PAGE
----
Is it better to buy two cheap cash flowing properties or one better growth property? This is a question I get asked daily so I thought it best to share my answer with everyone.
Here is the longer more detailed answer, so I am going to go a little bit analytical on you.
For the best answer, I went to Cleveland (cash flow market) and to Atlanta (cash and growth market) and at random pulled the first properties to appear that we promote. In Cleveland I pulled the first $35K and $45K property that totaled $80k and in Atlanta one property that totals $79,380.
Assumptions = all cash purchase with no mortgage / same monthly rent for 3 consecutive years
2 Cheap Properties
Two homes (Cleveland) with a combined purchase price of $80K net ROI of $1,093 per month or $39,348 for 3 years. This is a great cash flow market and not necessarily purchased for growth. At the end of 3 years you would have your initial value of $80k and $39,348 in cash flow, so your total 3 year portfolio would be $119,348.
1 Great Growth Property
Next I took 1 property from Atlanta (cash and growth market) with a purchase price $79,380, a $92,000 retail product. Net cash flow is $722 per month or $25,992 for 3 years. Assuming a 2% growth per year, we would have $92,000 at the end of year one, $95,717 in year 2, and end of year 3 $97,631, plus the $25,992 in cash flow so your total 3 year portfolio would be $123,623.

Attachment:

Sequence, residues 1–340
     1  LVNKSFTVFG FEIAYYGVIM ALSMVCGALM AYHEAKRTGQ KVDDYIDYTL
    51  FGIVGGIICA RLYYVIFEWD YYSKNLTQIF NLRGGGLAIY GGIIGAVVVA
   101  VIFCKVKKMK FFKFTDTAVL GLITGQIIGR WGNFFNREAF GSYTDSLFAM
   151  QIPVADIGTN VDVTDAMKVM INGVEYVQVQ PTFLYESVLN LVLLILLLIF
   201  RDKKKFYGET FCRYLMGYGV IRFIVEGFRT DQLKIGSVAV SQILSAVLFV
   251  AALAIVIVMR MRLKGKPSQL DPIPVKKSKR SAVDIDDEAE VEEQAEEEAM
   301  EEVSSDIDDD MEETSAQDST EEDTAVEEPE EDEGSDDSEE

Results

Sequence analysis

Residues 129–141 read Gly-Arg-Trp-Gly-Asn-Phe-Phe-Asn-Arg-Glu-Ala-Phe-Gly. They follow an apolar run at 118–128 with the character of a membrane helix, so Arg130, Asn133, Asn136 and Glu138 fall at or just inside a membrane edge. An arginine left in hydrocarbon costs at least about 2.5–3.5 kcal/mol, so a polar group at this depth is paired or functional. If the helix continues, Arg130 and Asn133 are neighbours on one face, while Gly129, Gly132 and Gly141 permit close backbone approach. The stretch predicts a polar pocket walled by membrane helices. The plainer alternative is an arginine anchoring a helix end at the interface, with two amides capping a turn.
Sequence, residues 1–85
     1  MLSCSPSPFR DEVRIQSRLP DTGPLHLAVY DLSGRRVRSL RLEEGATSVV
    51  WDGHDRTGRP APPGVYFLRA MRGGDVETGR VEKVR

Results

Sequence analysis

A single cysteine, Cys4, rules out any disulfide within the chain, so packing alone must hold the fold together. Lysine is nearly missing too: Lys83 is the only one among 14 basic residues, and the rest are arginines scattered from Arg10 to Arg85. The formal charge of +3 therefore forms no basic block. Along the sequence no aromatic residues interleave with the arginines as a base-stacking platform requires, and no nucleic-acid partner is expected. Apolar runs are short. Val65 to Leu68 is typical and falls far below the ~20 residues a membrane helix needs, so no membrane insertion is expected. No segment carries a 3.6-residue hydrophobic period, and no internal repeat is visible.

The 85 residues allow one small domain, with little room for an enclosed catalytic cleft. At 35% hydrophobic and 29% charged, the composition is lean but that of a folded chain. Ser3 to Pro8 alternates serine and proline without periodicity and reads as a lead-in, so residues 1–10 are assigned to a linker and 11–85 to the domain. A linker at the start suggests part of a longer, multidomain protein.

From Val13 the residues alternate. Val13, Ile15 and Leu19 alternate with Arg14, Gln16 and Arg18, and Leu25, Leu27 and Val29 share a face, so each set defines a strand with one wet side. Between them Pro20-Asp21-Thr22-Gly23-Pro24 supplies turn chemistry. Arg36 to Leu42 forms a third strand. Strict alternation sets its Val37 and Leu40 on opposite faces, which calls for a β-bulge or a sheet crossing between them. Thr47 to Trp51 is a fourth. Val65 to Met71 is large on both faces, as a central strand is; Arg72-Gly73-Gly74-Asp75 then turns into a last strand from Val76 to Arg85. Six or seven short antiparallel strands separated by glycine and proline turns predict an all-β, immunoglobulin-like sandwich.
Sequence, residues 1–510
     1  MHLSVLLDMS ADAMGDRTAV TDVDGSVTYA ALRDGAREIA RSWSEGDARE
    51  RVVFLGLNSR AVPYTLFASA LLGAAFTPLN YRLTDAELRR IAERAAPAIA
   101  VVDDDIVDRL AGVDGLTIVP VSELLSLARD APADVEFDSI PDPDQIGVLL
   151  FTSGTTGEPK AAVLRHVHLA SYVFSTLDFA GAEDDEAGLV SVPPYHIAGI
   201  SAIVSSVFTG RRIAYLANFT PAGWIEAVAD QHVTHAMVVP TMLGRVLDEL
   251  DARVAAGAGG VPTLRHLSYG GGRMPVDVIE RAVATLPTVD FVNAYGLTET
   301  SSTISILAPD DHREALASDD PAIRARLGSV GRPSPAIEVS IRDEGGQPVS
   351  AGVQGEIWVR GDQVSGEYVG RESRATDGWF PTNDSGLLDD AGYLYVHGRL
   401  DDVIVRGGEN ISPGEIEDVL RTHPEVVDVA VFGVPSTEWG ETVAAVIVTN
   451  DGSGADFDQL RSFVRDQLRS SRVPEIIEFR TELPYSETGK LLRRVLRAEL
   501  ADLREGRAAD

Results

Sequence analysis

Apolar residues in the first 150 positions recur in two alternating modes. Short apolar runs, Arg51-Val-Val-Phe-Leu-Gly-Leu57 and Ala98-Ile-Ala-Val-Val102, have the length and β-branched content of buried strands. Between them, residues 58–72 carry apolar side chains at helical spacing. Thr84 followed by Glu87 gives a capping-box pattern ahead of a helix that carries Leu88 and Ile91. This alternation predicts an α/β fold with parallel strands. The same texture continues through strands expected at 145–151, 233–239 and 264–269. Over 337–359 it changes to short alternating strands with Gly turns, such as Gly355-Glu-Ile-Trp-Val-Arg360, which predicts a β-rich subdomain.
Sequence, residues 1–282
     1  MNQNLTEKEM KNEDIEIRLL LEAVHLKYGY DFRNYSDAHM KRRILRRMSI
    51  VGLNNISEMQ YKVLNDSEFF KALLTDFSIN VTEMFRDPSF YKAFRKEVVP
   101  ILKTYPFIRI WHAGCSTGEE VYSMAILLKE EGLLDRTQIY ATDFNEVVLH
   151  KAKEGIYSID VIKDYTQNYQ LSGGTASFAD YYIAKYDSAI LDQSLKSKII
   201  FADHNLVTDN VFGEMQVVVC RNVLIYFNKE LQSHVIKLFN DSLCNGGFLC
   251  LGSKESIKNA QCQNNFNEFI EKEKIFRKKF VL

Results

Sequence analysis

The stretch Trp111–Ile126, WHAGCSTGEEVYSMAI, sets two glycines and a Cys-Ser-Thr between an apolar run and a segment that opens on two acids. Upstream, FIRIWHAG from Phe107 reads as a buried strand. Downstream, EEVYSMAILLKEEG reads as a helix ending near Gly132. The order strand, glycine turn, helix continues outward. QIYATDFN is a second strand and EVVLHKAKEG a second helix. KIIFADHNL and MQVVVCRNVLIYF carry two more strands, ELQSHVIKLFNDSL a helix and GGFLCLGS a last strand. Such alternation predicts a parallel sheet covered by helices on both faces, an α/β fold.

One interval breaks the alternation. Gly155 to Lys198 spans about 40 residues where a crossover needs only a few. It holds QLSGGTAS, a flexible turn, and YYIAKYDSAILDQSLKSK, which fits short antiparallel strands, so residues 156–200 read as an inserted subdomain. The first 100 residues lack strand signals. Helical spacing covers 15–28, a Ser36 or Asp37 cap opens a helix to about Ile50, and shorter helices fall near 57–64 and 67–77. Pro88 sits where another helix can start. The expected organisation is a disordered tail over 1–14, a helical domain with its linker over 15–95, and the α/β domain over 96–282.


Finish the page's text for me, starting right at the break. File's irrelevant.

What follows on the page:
So the difference is about $4,000 in favor of the growth market. Considering we are using assumed growth, the values may be higher and may also be lower if the assumed growth does not materialize.
OK, now it gets more interesting when we run this same analogy for a 6 year hold, the cash flow market has a total portfolio of $158,696 and the growth market at 2% per year has a portfolio of $182,986.
I hope you were able to follow my reasoning here. As you can see the growth markets are capable of giving an overall better returns.
There are a number of additional things we could factor in as well of course, but I think the growth markets with a newer product and less repair possibilities favors the cash flow markets with less sustainable cash flow although growth tends to be more speculative in nature.